S1 Evolution as Metamorphosis: Can we Conceive of Evolution as a Truly Developmental Process
Perhaps the primary challenge in any consideration of evolution is: how can we learn to think evolutionary processes in a way that does justice to the phenomena themselves? In this course we will study a variety of phenomena that lead us into the dynamism and complexity of evolution. It will become clear that any deep understanding of evolution demands an evolution of human consciousness itself. We will therefore also work on honing our capacities to perceive, discern, and think developmental processes.
S2 A Living Engagement with Mathematics. Working with Geometry in the in Upper Primary (Classes 4 – 8)
A main aim of the course is to help teachers enter actively into the process of doing mathematics and gain greater confidence in their own abilities. This is what enables mathematics teaching to come alive, because the teacher is working out of a living inner experience, rather than instructing about rules. How can engagement in doing geometry help students as they enter adolescence? We will engage in form-drawing, geometrical drawings, proofs, and imagination exercises.
S3 Nature and Imagination. Creating Child-aware and Place Conscious Stories
I know the chief use or function of fabulous narrative traditions everywhere is to make people adaptable in their minds, to enlarge the scope of their mental lives beyond the confines of their actual experience socially, physically, and in every other way. I am so far persuaded of this that I have come to think of fabulous storytelling and even of stories so told as proper aspects of human biology. 
David E Bynum
Iris will provide an over-arching introduction to the timeless tradition of storytelling, how ‘story’ creates liminal space, what effect this has on our ‘human state’ and how we can use this to organise and harmonise groups of individuals we work with. Together, we will explore myths, legends, folktales, fables, parables and ‘new tales’ and uncover what distinguishes them. We will investigate how the fairy became part of ‘small tidings’, why JRR Tolkien’s argues ‘Faerie is a state of mind’ and how collectors, like the Brothers Grimm, influenced our relationship to folktales.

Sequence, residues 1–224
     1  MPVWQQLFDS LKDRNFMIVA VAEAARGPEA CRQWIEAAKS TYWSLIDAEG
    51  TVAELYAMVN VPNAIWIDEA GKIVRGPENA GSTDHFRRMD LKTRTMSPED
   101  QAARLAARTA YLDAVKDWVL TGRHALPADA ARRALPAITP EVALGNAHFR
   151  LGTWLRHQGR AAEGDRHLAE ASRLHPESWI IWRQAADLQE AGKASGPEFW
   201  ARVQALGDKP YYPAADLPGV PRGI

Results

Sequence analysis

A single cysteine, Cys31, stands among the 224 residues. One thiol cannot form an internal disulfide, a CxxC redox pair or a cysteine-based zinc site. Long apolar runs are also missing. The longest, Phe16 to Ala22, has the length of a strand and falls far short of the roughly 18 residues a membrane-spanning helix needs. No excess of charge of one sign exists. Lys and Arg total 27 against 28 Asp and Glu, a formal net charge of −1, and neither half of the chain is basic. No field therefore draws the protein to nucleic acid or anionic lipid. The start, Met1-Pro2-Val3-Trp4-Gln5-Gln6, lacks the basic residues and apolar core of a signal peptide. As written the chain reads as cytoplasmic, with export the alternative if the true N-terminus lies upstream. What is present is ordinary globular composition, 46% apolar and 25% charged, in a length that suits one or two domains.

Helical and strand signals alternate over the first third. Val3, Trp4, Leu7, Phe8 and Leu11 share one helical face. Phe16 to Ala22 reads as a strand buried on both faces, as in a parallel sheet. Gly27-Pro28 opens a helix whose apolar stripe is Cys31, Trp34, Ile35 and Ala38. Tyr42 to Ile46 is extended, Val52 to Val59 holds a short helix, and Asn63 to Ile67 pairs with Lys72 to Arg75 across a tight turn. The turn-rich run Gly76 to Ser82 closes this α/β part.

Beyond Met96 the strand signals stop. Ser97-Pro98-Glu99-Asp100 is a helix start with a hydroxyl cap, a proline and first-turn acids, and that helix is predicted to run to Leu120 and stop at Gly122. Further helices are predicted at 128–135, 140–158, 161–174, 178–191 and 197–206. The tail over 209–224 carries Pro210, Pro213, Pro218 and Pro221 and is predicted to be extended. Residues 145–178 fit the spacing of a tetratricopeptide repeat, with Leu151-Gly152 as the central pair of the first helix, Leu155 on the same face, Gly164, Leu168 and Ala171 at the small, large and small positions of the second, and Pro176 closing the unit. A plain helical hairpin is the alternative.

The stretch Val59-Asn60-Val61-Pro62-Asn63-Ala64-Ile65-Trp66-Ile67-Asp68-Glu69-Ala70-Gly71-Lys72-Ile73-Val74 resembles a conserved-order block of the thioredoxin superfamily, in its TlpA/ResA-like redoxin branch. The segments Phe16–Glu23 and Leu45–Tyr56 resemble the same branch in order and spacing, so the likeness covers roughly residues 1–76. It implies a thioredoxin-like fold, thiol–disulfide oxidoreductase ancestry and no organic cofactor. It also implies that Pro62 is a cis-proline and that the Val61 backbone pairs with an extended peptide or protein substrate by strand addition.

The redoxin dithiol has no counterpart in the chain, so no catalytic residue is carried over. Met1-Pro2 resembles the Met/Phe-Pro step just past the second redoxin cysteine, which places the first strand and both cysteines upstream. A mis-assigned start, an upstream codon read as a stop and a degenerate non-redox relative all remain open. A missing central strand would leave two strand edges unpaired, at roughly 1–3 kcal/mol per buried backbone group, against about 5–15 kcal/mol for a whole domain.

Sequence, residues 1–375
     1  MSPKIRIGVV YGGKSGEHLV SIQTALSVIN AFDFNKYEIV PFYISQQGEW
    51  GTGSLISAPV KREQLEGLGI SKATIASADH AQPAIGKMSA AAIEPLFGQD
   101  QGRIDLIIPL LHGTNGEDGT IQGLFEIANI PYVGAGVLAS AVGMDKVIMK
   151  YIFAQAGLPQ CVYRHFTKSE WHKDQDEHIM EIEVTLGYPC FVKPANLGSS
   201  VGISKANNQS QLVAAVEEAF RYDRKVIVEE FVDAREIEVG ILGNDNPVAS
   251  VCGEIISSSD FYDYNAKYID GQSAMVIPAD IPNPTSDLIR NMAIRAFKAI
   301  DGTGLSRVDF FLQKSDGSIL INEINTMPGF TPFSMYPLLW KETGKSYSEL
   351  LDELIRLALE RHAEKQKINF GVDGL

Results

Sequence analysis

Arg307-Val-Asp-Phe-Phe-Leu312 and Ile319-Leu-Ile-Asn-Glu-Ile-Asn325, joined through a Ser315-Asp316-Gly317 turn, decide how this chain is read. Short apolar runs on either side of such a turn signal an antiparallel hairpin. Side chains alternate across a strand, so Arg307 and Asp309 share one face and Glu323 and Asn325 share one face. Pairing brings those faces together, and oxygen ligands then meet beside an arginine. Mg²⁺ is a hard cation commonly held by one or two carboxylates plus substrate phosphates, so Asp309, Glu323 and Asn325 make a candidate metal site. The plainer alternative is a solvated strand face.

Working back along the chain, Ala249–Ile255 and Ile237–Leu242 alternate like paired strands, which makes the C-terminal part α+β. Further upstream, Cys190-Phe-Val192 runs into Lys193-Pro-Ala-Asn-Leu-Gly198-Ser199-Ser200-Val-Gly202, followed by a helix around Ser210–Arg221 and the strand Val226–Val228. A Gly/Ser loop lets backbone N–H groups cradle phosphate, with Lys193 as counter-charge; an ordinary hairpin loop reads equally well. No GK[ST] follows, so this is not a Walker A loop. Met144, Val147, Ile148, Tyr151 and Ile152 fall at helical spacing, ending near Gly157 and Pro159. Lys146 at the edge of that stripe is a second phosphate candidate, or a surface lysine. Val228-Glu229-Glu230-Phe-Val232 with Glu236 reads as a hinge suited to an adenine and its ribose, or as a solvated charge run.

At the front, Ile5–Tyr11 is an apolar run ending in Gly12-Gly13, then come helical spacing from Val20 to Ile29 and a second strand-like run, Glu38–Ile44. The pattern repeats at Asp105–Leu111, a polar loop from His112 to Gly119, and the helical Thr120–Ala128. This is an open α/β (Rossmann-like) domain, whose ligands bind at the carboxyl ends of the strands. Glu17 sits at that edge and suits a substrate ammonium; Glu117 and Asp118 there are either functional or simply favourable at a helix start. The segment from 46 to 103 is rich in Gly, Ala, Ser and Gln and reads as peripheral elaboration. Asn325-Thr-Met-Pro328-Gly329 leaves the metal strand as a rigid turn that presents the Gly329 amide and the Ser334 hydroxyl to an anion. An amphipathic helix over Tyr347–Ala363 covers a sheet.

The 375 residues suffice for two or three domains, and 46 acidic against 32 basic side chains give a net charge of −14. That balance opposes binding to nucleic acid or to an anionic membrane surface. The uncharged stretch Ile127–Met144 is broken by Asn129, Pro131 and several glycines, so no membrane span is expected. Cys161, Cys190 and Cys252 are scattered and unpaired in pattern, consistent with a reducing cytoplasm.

Konrad will speak about the importance of place and contemporeity of content. He will demonstrate how phenomenological engagement with nature can form a scientific basis for living story content, which in turn develops a love of the world and cultivates identity. Practical activities will include developing a place based seasonal synopsis (with the help of indigenous knowledge).
… those whose task is to teach children of this age need an artistic ability that will imbue everything they bring with life; everything must be alive. Teachers must let plants speak, and they must let animals act as moral beings. Teachers must be able to turn the whole world into fairy tales, fables, and legends. (Rudolf Steiner)
Jane will tell stories she has created for children in early childhood and explain how nature plays a role in the creation of these tales.
Celia will share her stories, songs and visual images created for the younger primary age students.
Participants will then be encouraged to create their own stories. We will examine the soul nature of images, story openings and story closings, how they work, why they are important as well as story telling techniques and little rituals that help create a sacred space.
Iris Curteis, Konrad Korobacz, Jane Michaelis and Celia Linklater D. E. Bynum, The Daemon in the Wood: A Study of Oral Narrative Patterns. Cambridge, MA: Harvard University Press, 1978, p. 27